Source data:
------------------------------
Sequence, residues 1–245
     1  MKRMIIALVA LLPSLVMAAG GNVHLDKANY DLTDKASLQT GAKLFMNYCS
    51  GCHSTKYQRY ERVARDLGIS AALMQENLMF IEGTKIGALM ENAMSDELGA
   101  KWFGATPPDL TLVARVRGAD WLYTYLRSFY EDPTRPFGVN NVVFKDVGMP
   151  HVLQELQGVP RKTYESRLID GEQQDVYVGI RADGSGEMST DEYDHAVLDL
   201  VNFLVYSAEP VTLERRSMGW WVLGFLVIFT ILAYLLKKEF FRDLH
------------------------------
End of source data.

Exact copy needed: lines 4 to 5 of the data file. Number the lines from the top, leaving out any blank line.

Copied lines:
   101  KWFGATPPDL TLVARVRGAD WLYTYLRSFY EDPTRPFGVN NVVFKDVGMP
   151  HVLQELQGVP RKTYESRLID GEQQDVYVGI RADGSGEMST DEYDHAVLDL